John Stuart Mill on Liberty and Control

By Joseph Hamburger | Go to book overview
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Chapter Three

I was brought up from the first without any religious belief, in the ordinary meaning of the term. I am thus one of the very few examples, in this country, of one who has, not thrown off religious belief, but never had it. (John Stuart Mill)

REGENERATION was to be preceded by destruction. Beliefs surviving from the past that were obstacles to the emergence of a new moral order were to be eliminated. Progress required has– tening this demise of the old morality, which, beyond the circles of the most advanced and emancipated thinkers, still enjoyed the support of most people. “The old opinions in religion, morals, and politics are so much discredited in the more intellectual minds” however, “they have still life enough in them to be a powerful obstacle to the growing up of any better opinions on those subjects.”1 Mill therefore mounted an attack on these old opinions, especially those about religion and custom. He carried out the negative, destructive part of his strategy for moral reform by seeking to cast doubt on these two pillars of existing moral opinion and belief, and On Liberty was an important instrument for the achievement of this goal.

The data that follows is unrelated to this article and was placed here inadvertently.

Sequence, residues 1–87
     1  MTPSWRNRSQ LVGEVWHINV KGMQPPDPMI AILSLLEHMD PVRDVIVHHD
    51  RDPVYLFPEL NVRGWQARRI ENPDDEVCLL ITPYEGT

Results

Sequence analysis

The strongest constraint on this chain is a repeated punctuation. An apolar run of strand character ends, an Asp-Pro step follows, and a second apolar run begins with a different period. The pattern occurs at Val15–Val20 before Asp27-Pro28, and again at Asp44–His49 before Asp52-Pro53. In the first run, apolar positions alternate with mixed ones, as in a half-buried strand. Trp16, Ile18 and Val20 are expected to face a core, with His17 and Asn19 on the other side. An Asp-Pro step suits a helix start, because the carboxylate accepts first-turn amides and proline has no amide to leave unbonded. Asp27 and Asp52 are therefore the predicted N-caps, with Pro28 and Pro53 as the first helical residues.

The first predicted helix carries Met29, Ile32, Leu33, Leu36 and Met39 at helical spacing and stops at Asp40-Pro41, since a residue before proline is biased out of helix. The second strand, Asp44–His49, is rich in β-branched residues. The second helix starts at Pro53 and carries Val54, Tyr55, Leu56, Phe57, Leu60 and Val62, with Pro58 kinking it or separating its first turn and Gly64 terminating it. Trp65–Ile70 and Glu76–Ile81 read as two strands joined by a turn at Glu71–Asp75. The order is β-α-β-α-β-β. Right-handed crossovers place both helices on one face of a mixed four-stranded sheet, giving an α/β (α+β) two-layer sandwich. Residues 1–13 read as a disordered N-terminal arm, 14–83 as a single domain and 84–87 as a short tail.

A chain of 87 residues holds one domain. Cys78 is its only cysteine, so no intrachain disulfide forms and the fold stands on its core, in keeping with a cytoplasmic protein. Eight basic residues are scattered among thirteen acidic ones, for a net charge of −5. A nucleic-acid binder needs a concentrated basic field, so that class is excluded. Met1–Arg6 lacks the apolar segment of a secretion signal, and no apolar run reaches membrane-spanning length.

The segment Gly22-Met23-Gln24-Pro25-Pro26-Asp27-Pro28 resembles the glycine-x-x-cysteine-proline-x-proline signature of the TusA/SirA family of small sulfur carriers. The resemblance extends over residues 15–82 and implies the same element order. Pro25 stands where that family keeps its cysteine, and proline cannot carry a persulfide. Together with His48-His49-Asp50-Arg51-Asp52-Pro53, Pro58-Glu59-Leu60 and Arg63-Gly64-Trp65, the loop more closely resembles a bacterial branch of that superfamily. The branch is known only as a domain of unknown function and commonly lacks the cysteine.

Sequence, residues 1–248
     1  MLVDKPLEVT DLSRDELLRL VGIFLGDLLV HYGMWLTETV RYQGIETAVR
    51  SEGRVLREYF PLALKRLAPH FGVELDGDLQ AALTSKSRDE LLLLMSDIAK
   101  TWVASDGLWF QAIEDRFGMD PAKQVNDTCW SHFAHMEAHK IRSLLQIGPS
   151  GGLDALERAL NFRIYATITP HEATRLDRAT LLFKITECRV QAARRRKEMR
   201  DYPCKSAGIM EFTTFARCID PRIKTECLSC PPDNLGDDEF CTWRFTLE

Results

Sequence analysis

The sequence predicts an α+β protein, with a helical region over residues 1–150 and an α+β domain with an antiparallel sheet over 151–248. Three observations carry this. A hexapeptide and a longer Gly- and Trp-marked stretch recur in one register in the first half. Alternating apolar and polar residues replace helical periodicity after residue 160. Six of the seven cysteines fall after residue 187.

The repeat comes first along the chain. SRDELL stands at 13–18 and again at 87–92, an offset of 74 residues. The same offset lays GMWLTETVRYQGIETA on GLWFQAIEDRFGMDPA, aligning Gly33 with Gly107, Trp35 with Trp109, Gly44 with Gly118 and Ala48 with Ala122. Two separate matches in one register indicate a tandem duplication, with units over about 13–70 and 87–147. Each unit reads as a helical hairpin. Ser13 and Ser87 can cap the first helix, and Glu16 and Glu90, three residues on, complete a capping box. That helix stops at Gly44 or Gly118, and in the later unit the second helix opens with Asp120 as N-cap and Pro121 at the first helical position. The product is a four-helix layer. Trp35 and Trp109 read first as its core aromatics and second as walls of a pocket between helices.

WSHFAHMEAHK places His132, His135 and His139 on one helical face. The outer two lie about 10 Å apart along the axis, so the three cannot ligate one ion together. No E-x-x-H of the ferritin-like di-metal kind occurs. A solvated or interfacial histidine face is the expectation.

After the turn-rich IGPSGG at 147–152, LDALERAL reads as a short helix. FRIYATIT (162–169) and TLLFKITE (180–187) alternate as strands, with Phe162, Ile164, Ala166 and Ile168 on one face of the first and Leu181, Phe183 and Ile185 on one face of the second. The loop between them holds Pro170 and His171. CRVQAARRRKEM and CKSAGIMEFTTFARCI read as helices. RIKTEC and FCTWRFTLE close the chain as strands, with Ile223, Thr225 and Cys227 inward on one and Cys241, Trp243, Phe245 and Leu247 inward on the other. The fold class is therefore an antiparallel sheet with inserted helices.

The distinguishing feature of the old morality, according to Mill, was selfishness. Criticisms of it and egotism became a recurring theme in his thinking during the early 1850s. It appeared in his diary as disapproval of vanity for being “a moral defect; a form of selfishness; a dwelling on, and caring about, self and what belongs to it, beyond the just measure.”2 It was reflected in the softening of his criticisms of socialism in the third edition (1852) of his Political Economy, and especially in the chapters greatly influenced by Harriet, “Of the Stationary State” and “On the Probable Futurity of the Labouring Classes.” In the first of these he implicitly condemned self–seeking by criticizing “the ideal of life held out by those who think that the normal state of human beings is that of struggling to get on; that the trampling, crushing, elbowing, and treading on each other's heels, which form the existing type of social life, are the most desirable lot of human kind” and in describing the northern and middle

Autobiography, CW, 1, 245, 247.
Diary, 25 January [1854], CW, 27 646


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